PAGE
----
Tick, tock! Tick, tock! The clock is counting down on a venue that has provided essential entertainment for the people of Manchester way beyond the time that has passed between two solar eclipses. Who would have imagined that a dive bar called O’Hara’s would evolve to become a cauldron of musical talent for over 20 years? That original dark, dank and dismal nightclub closed down, allowing John McBeath, then Katie Mountain and Steve Lloyd to set up and establish the Roadhouse.

Whilst there may now be a plethora of neighbouring venues available for nascent talent to develop – Soup Kitchen, Gullivers, Kraak and the Castle, to name but a few – 20 years ago this northern section of central Manchester was pretty much a backwater to be avoided after dark. Midweek gigs were only usually available to touring bands with at least some level of public recognition. A local band might be lucky enough to be in with the promoter and get the nod for a support slot, otherwise being consigned to midweek unsigned music bills.

It was also the era of the pay-to-play promotional scheme, which presented bands with the task of selling their own tickets in order to break even, just for the privilege of playing live – a scheme fervently fought against by the likes of local promoter Jay Taylor (now at Ruby Lounge). There were some truly splendid one-gig wonders though. I’ve got memories of an American band named Salaryman wiping out the backing tracks on their synths five minutes before going on stage, then having to wait an hour as they re-loaded the data. They needn’t have bothered.

If any band from the 90s made it big, there was a very good chance they played at the Roadhouse. The image of Gary Lightbody, in the then relatively low-profile Snow Patrol, lying on the stage whilst playing guitar to an audience measured in tens is a favourite. Similarly, the urgings of sound engineer Paul Fleischman to “catch a band called Coldplay before they really make it big” seemed to blur into the growing list of “next big things”. On that theme, does anyone remember Gay Dad playing there? Even Noel Gallagher, who was at the gig, asked, “What’s all that about?” And I still think The Kills were overrated based on their appearance on 10 March, 2003. Mind you, I don’t think Jamie Hince wants to trade places.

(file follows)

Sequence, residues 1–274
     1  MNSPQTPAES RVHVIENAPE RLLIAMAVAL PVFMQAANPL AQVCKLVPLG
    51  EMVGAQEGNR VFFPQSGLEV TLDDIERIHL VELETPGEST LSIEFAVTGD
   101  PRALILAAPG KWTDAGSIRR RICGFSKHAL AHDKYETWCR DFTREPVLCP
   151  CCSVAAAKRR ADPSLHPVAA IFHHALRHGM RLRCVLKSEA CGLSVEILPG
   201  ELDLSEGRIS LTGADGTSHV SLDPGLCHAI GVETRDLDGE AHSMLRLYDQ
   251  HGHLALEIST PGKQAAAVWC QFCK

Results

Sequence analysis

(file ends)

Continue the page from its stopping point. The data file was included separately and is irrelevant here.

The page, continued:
The venue’s top quality sound system made the Roadhouse a place to party. All genres have been encouraged and supported. The ManchesterMusic.co.uk duo of Jon and Mike found fertile ground to nurture their visions of gigs under the Chairsmissing banner, where people didn’t go to watch bands at a distance in comfort. They wanted an interaction between the performers and audience, not a barrier between the two, and firmly set the ball rolling for a resurgent Manchester live scene.

The venue didn’t just cater for the indie crowd, although nights like Underachievers Please Try Harder were fun and added to the calendar. The environment had the ability to go from one extreme to another. Take Hoya:Hoya, a Unabombers club night, to the scenes at Norvun Sunday last Christmas (no, Wham didn’t play), when someone came round to ask if you would like a full dinner brought to you for only a fiver. The sleeping musician next to me suddenly sprang to life when informed of this offer as he was due to play in a few hours and could do with some nourishment. This type of familial atmosphere has typified the welcome running though the club since the days of the late John McBeath, who originally established it.

Perhaps it is the cruel passing away of Steve last year that provided the impetus for Katie to re-evaluate the future of the club. Having put more than 20 years of your life into a venture, why not move on and do something different? It will be missed and fondly remembered.


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Photos by Ged Camera.

Ged Camera / Jon Ashley